Opening up Internet security

A unique moment in the history of high tech will occur Sept. 20, when RSA Security Inc.'s key patents, which are fundamental to most Internet security, expire. What happens after that will be nothing short of a water shed for the security industry.
Written by Scott Berinato, Contributor

A unique moment in the history of high tech will occur Sept. 20, when RSA Security Inc.'s key patents, which are fundamental to most Internet security, expire.

What happens after that will be nothing short of a water shed for the security industry. Observers predict two major trends: the development of security tool kits engineered for performance and for specific markets, such as wireless, and the availability of far more security products in the United States.

"This represents a pretty big milestone. People are waiting for this," said Mike Serbinis, chief security officer of San Francisco-based Critical Path Inc., which uses secu rity tools from Baltimore Technologies plc. "Three years ago, I was at a startup [since acquired by Critical Path], and we were debating then what we would do around the patents expiring. It turns out it will all be good for users."

RSA's patents, which the company has guarded zealously for 16 years, cover encryption and decryption as well as the initialization of public- and private-key pairs—all cornerstones for secure transactions. The patents are, however, effective only in the United States. To license the technology, vendors have had to pay RSA an upfront fee as well as a small percentage of revenues from their products. In addition, RSA has had exclusive rights in the United States to sell tool kits that incorporate RSA algorithms.

This one-two punch has hampered not only domestic security vendors but also international security companies trying to sell home-grown technologies in the United States.

"It would have been not only costly but time-consuming to engineer that," said Andrew Morbitzer, senior vice president of marketing at Baltimore Technologies, which is based in Dublin, Ireland. "And think about it: If you're a big international company, we'd be selling you one thing overseas and another thing [in the United States]. This is why having the same product with the same bits available anywhere is really a watershed."

Baltimore serves as a prototype to the kinds of developments U.S. corporations can expect as a result of the patent expiration. The PKI (public-key infrastructure) vendor plans to announce Sept. 11 that, as of the patent expiration on Sept. 26, it will create one consistent product line to sell globally that includes its own tool kits. Currently, only international products include Baltimore's own tools.

With a consistent product line established, the second part of Baltimore's plan is to bring some products to the United States that it has so far marketed only overseas. One such product is a Web-based PKI management product. Standard in Baltimore PKI deployments overseas, this product enables users to log in and manage PKI credentials from any browser. In the United States, Baltimore has had to include a Win32 client that requires installation and maintenance and, officials say, dampens the user experience.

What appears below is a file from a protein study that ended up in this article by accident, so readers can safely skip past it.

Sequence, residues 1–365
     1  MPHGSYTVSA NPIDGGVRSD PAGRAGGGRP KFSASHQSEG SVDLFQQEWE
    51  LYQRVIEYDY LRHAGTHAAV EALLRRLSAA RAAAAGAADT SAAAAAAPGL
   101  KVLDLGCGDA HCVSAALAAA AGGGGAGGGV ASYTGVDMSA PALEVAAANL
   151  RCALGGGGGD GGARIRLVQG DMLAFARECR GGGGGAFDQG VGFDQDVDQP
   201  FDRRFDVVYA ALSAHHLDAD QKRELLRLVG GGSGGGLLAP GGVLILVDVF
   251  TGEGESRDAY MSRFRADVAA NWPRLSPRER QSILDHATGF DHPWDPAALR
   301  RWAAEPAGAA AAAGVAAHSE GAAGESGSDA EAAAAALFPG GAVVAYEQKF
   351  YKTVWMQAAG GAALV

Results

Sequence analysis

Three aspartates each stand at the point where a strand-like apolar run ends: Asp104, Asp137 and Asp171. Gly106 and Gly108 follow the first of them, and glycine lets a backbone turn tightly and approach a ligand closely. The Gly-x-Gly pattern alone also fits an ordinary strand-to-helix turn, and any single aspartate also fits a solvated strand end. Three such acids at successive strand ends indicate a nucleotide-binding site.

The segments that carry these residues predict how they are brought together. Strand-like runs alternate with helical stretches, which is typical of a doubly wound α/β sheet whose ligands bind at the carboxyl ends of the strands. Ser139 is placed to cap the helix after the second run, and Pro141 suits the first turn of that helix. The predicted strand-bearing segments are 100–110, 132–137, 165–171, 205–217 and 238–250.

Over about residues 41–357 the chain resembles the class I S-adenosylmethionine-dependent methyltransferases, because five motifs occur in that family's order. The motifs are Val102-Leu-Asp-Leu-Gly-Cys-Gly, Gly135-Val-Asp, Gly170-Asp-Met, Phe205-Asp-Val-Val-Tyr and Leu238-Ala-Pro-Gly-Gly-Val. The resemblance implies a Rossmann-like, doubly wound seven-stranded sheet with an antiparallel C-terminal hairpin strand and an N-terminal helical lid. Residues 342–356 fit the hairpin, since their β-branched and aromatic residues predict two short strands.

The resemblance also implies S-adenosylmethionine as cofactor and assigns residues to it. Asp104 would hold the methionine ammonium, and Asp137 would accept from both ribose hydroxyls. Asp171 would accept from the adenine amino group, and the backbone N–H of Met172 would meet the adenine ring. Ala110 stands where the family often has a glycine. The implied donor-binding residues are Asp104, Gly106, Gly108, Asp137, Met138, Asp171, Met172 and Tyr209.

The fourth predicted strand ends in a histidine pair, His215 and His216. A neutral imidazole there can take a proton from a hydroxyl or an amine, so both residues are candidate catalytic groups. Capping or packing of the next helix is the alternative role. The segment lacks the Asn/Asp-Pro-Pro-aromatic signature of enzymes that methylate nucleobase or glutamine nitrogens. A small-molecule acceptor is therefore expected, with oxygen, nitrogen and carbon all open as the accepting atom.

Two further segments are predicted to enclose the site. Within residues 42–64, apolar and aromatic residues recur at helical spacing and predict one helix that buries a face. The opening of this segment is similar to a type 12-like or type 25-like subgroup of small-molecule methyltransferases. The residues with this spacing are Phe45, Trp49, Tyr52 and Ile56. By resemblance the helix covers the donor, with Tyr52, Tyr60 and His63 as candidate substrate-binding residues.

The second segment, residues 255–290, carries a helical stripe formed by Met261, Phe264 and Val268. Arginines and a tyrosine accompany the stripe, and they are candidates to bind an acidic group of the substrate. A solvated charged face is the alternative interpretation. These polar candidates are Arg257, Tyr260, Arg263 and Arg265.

Morbitzer, who said the Sept. 26 date has been circled on his calendar for years, expects other RSA rivals, such as Entrust Technologies Inc., to take advantage of the event as well. Entrust officials in Plano, Texas, declined to comment on the company's plans.

In addition to a product launch, Baltimore will use the patent expiration date as a springboard for a massive marketing campaign to establish itself as a prime RSA competitor and premier security vendor. Baltimore will also likely consolidate its tools under a single brand name and begin marketing them aggressively in the United States as tools that increase performance of RSA's code while also targeting new markets, such as wireless, officials said.

Despite Baltimore's chest beating, RSA takes a decidedly different view to the expiration of its patents, calling it a "nonevent" and downplaying Baltimore's Melvillean take.

"Some competitors would have you believe we're bilking them and taking their firstborn," said Scott Schnell, RSA's senior vice president of marketing. "But the cost is not even worth discussion. Innovation is rewarded with patents, and some people will always be jealous of that."

Critical Path's Serbinis took a more basic view. "Building a product four different ways is an expensive endeavor; innovation will proceed a lot faster now," he said. "And there are a lot of smart mathematicians and cryptographers overseas dying to get innovations into the U.S."

Sign of things to come

Baltimore's three-step security plan

planwhat it does for users
Consolidate international and domestic product linesLowers costs, frees up engineers to develop security in other areas
Roll out a suite of tool kits to compete directly with RSA B-Safe tool kitsIncreases competition, gives users more options
Begin an aggressive marketing campaign to establish competition in the security tools marketplaceNot much; customers will have to wade through the rhetoric

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